“Because rich economies sequester more carbon than poor ones, stored carbon must be subtracted from emissions to determine an economy’s net addition to greenhouse gas emissions. McCormick’s data show that 'rich countries take more carbon out of the air than poorer ones' and that 'the growth rate of net carbon emission per person will soon be negative in the United States.' Put differently—richer may well be cooler.” [10]

July, 2001

“The proposals to curb industry and energy consumption to avert global warming echo the 'limits to growth' alarms of the 1970s. Back then, groups like the Club of Rome proposed Draconian curbs on industrialization and urbanization because the world was supposedly about to run out of petroleum and other natural resources. These arguments resonated with the oil crises of the decade (even though these crises were, in fact, created by strategic, political, and economic factors, not true scarcity). Eventually deregulation and a saner foreign policy exposed these arguments for the shams that they were.” [11]


The following is based on data the Conservative Transparency project collected from publicly available 990 tax records. Note that not all individual funding records have been verified by DeSmogBlog for accuracy. [12]

View the attached spreadsheet for additional information on Hoover Institution funding by year (.xlsx)

Donor Total
Sarah Scaife Foundation $11,704,500
Howard Charitable Foundation $8,750,000
Walton Family Foundation $5,398,826
The Lynde and Harry Bradley Foundation $5,263,500
John M. Olin Foundation $5,190,660
Smith Richardson Foundation $3,868,451
The Shelby Cullom Davis Foundation $3,200,000
William E. Simon Foundation $1,490,000
The Carthage Foundation $898,400
The Weiler Foundation $645,000
The Randolph Foundation $640,000
Earhart Foundation $502,194
JM Foundation $460,000
Bochnowski Family Foundation $422,500
Searle Freedom Trust $337,500
Fairchild-Martindale Foundation $315,000
Jaquelin Hume Foundation $250,000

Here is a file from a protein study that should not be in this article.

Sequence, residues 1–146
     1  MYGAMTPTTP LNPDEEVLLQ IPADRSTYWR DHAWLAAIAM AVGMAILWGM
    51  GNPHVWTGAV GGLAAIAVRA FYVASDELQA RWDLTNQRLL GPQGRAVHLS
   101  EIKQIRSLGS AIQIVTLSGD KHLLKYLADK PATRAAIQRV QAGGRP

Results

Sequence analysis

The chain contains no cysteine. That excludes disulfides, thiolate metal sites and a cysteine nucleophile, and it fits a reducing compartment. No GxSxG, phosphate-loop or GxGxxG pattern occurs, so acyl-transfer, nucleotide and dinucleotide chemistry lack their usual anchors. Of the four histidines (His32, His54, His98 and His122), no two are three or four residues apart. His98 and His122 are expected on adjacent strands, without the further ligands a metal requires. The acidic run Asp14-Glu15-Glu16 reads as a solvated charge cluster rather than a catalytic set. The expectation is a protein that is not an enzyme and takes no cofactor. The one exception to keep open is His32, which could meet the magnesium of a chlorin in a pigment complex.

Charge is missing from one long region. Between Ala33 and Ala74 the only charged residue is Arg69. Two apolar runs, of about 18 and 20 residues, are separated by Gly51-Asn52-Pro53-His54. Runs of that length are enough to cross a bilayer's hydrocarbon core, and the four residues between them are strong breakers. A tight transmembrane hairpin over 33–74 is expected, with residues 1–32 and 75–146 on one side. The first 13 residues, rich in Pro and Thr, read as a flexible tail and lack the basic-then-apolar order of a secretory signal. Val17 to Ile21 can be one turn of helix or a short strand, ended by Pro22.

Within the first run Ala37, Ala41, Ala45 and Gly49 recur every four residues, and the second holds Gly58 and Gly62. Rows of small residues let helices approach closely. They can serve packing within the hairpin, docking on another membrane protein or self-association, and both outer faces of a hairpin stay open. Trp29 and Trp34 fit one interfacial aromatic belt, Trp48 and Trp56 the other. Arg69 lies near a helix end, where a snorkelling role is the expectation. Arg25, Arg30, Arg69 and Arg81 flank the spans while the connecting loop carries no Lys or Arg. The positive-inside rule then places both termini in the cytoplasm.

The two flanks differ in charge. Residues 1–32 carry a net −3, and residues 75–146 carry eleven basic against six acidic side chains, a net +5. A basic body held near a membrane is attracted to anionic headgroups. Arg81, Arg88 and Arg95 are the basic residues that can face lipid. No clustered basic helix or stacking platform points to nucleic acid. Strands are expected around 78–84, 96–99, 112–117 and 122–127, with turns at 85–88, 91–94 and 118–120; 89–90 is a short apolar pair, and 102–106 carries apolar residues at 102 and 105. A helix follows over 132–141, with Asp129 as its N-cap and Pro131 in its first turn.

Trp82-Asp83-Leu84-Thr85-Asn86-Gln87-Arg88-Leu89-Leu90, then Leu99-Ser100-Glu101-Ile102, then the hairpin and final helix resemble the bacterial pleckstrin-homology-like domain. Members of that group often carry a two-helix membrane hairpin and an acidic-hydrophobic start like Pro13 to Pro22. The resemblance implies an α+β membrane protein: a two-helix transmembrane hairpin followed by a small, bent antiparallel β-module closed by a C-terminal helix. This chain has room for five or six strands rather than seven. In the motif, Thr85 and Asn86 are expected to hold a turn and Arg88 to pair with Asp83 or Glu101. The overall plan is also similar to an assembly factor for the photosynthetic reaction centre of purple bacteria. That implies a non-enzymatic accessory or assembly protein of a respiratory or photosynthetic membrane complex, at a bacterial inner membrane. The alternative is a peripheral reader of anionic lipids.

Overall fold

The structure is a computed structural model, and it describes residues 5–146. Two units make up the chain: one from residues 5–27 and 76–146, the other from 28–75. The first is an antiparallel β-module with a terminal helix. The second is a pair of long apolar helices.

William H. Donner Foundation $202,500
Stuart Family Foundation $182,000
Joyce and Donald Rumsfeld Foundation $137,500
Barney Family Foundation $125,000
Exxon Mobil $110,000
The Whitcomb Charitable Foundation $62,000
National Christian Charitable Foundation $50,820
George Edward Durell Foundation $50,000
The Samuel Roberts Noble Foundation $35,000
Castle Rock Foundation $25,000
Thomas B. Fordham Foundation $23,000
DonorsTrust $22,000
American Chemistry Council $15,000
The Gordon and Mary Cain Foundation $15,000
Woodhouse Family Foundation $6,000
Charles G. Koch Charitable Foundation $5,000
Aequus Institute $2,500
Donors Capital Fund $2,000
Grand Total $50,406,851

SourceWatch lists the following additional funding sources: [13]

ExxonMobil Funding

Greenpeace's ExxonSecrets reports that the Institution has received at least $295,000 from ExxonMobil since 1998. [14]

990 Forms

Key People

The Hoover Institution has been influential in the American conservative and libertarian movement with a number of notable scholars and fellows having connections to various Republican administrations.

High-profile conservative fellows have included Edwin Meese, Condoleezza Rice, George Shultz, Thomas Sowell, Shelby Steele, and Amy Zegart. In 
May, 2007 retired U.S. Army General John P. Abizaid, former commander of the U.S. Central Command, became the Institution's first Annenberg Distinguished Visiting Fellow where he served until 2010. [15][13], [16]

Below is a list of notable individuals present in the Hoover Institution's staff list between 2004 and 2016. View the attached spreadsheet for a complete list of Hoover Institution people by category (.xlsx).

Board of Overseers


Name 2004[27] 2007[26] 2012[17] 2016[18]
Herbert M. Dwight Y
Peter B. Bedford Y
Thomas J. Tierney Y
W. Kurt Hauser Y

Vice Chairs

Name 2004[27] 2007[26] 2012[17] 2016[18]
Boyd C. Smith Y Y
David T. Traitel Y
Peter B. Bedford Y
Robert J. Oster Y
Thomas F. Stephenson Y

Key Board Members (Overseers)

Name 2004[27] 2007[26] 2012[17] 2016[18]
Barbara Barrett Y Y
Burton J. McMurtry Y Y Y Y
David B. Kennedy Y Y Y
David M. Rubenstein Y
Donald L. Lucas Y
George E. McCown Y
Heather R. Higgins Y Y Y
Howard H. Leach Y Y Y
James E. Piereson Y Y